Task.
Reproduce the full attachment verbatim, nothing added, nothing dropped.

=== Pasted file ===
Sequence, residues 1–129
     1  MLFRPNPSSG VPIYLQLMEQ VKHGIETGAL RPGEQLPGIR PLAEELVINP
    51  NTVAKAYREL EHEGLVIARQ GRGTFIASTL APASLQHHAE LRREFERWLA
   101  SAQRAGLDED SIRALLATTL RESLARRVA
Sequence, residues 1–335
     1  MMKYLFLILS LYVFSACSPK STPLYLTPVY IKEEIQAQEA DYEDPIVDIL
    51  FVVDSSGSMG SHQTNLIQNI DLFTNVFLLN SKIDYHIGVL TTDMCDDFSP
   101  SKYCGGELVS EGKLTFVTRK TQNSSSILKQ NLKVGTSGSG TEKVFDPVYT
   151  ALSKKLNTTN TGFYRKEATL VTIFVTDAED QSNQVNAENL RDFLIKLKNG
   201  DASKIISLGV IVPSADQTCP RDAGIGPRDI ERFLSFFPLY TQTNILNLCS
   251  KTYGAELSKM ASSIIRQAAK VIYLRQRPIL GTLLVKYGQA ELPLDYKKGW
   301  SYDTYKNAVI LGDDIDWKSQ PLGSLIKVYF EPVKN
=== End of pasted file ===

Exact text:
Sequence, residues 1–129
     1  MLFRPNPSSG VPIYLQLMEQ VKHGIETGAL RPGEQLPGIR PLAEELVINP
    51  NTVAKAYREL EHEGLVIARQ GRGTFIASTL APASLQHHAE LRREFERWLA
   101  SAQRAGLDED SIRALLATTL RESLARRVA
Sequence, residues 1–335
     1  MMKYLFLILS LYVFSACSPK STPLYLTPVY IKEEIQAQEA DYEDPIVDIL
    51  FVVDSSGSMG SHQTNLIQNI DLFTNVFLLN SKIDYHIGVL TTDMCDDFSP
   101  SKYCGGELVS EGKLTFVTRK TQNSSSILKQ NLKVGTSGSG TEKVFDPVYT
   151  ALSKKLNTTN TGFYRKEATL VTIFVTDAED QSNQVNAENL RDFLIKLKNG
   201  DASKIISLGV IVPSADQTCP RDAGIGPRDI ERFLSFFPLY TQTNILNLCS
   251  KTYGAELSKM ASSIIRQAAK VIYLRQRPIL GTLLVKYGQA ELPLDYKKGW
   301  SYDTYKNAVI LGDDIDWKSQ PLGSLIKVYF EPVKN